This week we asked our newest employee, Margaret Elizabeth McKissack, about her child welfare experience and her view of the impact of a loving family on a child. From Dallas, Texas, to Peru and Ethiopia to Guatemala, she speaks to her passion for children, her love for her own family, and her years of work for children around the world. Margaret Elizabeth has high hopes for Both Ends Believing’s Children First software to ensure that every child lives in a loving family. We are so happy to have her join the team!

    What sparked your passion to help vulnerable children?

    I was a sophomore at the University of Richmond when my mom called to invite me to travel to Guatemala with a group from Buckner International. Over the course of a week, we worked with teenage girls and babies living in a government orphanage. At the age of 20, this trip was my first exposure to the developing world and the dire need of children living outside of family care. I met babies who suffered from extreme health challenges, including shaken baby syndrome and burns. I met a new friend who was my age and had severe special needs; I looked around and realized that these teenage girls were just like me and these babies had no hope for a future if they didn’t quickly get into safe and loving families. On my second trip the following year I met a girl who was in the orphanage on a witness protection program with her young daughter. Her greatest fear was separation from her daughter and not being able to care for her. I knew then that I was called to advocate for children who did not have a voice and to fight for children to experience the love of a family just like mine.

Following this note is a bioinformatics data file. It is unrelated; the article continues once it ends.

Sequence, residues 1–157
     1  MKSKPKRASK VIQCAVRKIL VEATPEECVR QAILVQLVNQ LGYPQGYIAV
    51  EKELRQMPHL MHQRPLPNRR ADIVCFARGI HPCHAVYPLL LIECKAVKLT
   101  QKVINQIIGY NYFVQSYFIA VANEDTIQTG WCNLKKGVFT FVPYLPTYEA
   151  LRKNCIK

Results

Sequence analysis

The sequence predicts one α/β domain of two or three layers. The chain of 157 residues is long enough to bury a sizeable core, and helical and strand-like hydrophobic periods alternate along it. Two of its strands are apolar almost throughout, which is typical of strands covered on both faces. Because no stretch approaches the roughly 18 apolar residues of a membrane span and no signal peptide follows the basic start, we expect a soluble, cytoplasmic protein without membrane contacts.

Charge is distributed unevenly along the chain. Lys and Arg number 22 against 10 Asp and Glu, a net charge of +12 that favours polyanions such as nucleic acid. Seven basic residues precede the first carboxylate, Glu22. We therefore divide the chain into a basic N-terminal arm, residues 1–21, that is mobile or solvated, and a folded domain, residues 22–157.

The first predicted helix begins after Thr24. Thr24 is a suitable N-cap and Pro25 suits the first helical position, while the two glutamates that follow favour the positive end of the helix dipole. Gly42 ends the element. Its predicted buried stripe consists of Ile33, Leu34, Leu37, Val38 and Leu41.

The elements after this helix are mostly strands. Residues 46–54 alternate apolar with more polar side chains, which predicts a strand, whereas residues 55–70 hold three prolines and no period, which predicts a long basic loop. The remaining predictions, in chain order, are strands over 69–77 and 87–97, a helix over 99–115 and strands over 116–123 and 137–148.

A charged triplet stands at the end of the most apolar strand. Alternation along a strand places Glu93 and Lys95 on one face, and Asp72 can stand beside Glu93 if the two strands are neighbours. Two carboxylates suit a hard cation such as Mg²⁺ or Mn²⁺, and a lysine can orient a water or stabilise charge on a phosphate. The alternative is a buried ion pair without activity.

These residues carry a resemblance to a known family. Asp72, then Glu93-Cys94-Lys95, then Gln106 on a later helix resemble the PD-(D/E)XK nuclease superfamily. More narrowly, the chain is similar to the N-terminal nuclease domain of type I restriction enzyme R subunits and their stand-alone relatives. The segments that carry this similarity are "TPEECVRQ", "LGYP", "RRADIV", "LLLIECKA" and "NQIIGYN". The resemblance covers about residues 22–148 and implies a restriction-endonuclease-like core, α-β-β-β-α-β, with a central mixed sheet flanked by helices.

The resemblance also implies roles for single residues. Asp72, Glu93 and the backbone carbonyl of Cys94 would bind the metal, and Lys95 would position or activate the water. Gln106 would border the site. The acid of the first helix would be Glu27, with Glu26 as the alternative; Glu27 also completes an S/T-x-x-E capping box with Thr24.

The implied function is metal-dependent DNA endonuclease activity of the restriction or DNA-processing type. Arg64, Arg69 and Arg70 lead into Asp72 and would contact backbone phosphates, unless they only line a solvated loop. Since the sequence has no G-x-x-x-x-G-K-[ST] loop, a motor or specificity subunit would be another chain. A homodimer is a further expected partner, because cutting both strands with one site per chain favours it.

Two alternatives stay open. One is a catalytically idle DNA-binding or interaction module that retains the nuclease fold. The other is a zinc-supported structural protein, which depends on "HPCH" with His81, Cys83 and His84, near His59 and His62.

What is your experience in the child welfare field so far?